a. 7-dehydrocholesterol in skin is acted on by sunlight to produce Vitamin D (biologically inert).

b. In the liver, one hydroxyl group is added to form 25-OH Vitamin D.

c. In the kidney, a second hydroxyl is added in a reaction catalyzed by 1-hydroxylase yielding 1,25 (OH)2 Vitamin D, the most active form. The kidney also has 24-hydroxylase activity which leads to the production of 24,25 (OH)2 Vitamin D which is inactive.

d. 1,25 (OH)2 Vitamin D is mostly transported in the blood bound to transcalciferin.

10

Actions of Vitamin D

a. The major action of 1,25 (OH)2 Vitamin D is on the GI tract where it eventually interacts with a nuclear receptor increasing the synthesis of specific mRNAs and then proteins.
i. One of these proteins is a calcium binding protein that appears in the lumen of the intestine.
ii. It is not clear exactly how both calcium and phosphate transport are promoted, but it is possible that pinocytosis of this binding protein is involved.

b. 1,25 (OH)2 Vitamin D mobilizes bone in a way similar to PTH, possibly simply by sensitizing the bone to PTH action.
i. In recovery from chronic Vitamin D deficient states (e.g., rickets) however, the improvement in plasma calcium brought about by increased calcium and phosphate absorption leads to increased calcium deposition in bone.

c. The physiologic significance of the mobilization of bone calcium by 1,25 (OH)2 Vitamin D is not at all clear.

11

Regulation of 1,25 (OH)2 Vitamin D synthesis:

Several factors converge on the renal hydroxylase reactions to influence the synthesis of 1,25 (OH)2.

a. 1,25 (OH)2 Vitamin D negatively affects the 1-hydroxylase; in this was, 1,25 (OH)2 Vitamin D acts in a negative feedback loop and regulates its own synthesis.

b. Often, the two hydroxylase enzymes of the kidney, 1-hydroxylase and 24-hydroxylase, are reciprocally regulated by influencing factors.
i. For example, increased levels of PTH positively and negatively affect the activities of 1-hydroxylase and 24-hydroxylase, respectively.

c. High PTH will lead to increased levels of 1,25 (OH)2 Vitamin D, which then acts on the GI tract to increase calcium absorption. In this way, PTH and 1,25 (OH)2 Vitamin D act synergistically. In contrast, decreased levels of phosphate positively and negatively affect the activities of 1-hydroxylase and 24-hydroxylase, respectively.

d. Thus, if plasma phosphate falls, 1,25 (OH)2 Vitamin D synthesis is increased; in turn, the increased levels of 1,25 (OH)2 Vitamin D will act on the GI tract and promote increased phosphate absorption and return of plasma phosphate levels to normal.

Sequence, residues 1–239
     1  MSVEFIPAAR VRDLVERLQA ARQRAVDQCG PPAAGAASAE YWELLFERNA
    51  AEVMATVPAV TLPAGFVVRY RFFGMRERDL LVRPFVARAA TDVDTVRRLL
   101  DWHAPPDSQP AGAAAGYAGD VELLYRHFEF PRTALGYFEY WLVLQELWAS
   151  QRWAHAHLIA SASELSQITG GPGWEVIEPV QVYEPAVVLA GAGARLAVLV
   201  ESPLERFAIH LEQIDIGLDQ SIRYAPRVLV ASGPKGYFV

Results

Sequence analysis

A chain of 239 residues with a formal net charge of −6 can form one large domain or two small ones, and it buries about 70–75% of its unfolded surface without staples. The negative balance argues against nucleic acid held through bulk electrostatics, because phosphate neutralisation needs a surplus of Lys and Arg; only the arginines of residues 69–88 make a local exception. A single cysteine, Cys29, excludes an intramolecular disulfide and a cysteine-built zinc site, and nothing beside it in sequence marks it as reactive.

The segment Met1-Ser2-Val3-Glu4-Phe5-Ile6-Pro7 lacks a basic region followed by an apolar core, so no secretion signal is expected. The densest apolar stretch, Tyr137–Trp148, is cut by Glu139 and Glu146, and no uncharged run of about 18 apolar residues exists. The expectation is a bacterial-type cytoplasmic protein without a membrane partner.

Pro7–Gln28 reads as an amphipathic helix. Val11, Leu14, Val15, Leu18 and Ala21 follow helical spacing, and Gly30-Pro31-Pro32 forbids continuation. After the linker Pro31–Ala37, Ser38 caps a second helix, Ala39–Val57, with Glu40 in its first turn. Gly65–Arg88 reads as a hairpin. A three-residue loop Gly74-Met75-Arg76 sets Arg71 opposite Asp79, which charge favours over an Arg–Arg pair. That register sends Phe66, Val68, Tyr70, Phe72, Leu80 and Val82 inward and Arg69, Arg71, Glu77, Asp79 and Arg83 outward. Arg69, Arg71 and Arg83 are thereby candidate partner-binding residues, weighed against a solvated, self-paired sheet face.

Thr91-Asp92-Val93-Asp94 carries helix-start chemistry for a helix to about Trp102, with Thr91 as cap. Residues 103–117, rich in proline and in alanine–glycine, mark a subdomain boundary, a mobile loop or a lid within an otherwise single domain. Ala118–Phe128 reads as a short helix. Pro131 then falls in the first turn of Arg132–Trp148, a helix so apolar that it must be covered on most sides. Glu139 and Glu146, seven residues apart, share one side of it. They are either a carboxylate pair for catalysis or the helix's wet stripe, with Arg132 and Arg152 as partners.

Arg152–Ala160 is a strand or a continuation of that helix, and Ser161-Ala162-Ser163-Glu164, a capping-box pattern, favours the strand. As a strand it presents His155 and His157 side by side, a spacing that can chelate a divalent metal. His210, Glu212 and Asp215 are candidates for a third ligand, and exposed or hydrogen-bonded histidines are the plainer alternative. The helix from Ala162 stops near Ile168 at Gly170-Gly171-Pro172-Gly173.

e. Cyclic AMP is thought to be involved in mediating influences of PTH and phosphate on 1-hydroxylase and 24-hydroxylase activities.

12

Short term regulation of blood calcium

a. The short term (minute-to-minute) regulation of blood calcium (homeostasis) is carried out primarily by PTH acting to mobilize calcium into the plasma when levels begin to become low.

b. Calcitonin may be useful in increasing the rate of storage of an acute calcium load. PTH will mobilize calcium movement from the bone compartment into the blood.

c. If this is continued for a prolonged time, calcium balance is affected negatively.

13

Long Term Regulation of Calcium Balance

a. Vitamin D is the important hormone in the long-term regulation of body calcium and phosphate stores by regulating the intestinal absorption of these minerals.

b. A simple way to consider this is if IN < OUT, one way to achieve balance is to increase "IN" by increasing the amount of calcium that can be absorbed from the GI tract.

14

Hyperparathyroidism:

a. In primary hyperparathyroidism, increased PTH increases calcium levels in plasma and urine (leading to renal stones).

b. The effects of hypercalcemia include vague or overt symptoms of muscle weakness, depression and GI disorders.

c. In severe cases, bone demineralization leads to bone pain and fractures.

d. Secondary hyperparathyroidism can result from any disorder where plasma calcium is low such as rickets and renal failure.

15

Hypoparathyroidism:

a. The major symptom of the decreased plasma calcium caused by a lack of PTH is increased neuromuscular excitability that can cause muscle cramps, seizures as well as mental changes.

b. One test for hypoparathyroidism is to tap the facial nerve, which evokes facial muscle spasms, called Chvostek’s sign).

c. There is a PTH dependent decrease in calcitriol levels causing decreased serum calcium levels due to less absorption from intestines and less reabsorption through the kidneys.

d. Bone demineralization is usually not a problem because of increased serum phosphate (due to increased reabsorption of phosphate from kidneys).
i. It is usually treated with Vitamin D and calcium supplements.

16

Vitamin D deficiencies:

a. This condition is called rickets in children and osteomalacia in adults.

b. Rickets can lead to severe skeletal deformities whereas symptoms of osteomalacia can include bone pain and pathological fractures.

c. Dietary lack of Vitamin D is rare in the USA because of supplementation of milk. It can be seen in certain liver diseases and renal dysfunction, both of which interfere with synthesis of the active hormone.

17

Calcium Important Function

Calcium is important for:

a. Bone structure

b. Signalling as a 2nd messenger in cellular pathways
-kinases and other proteins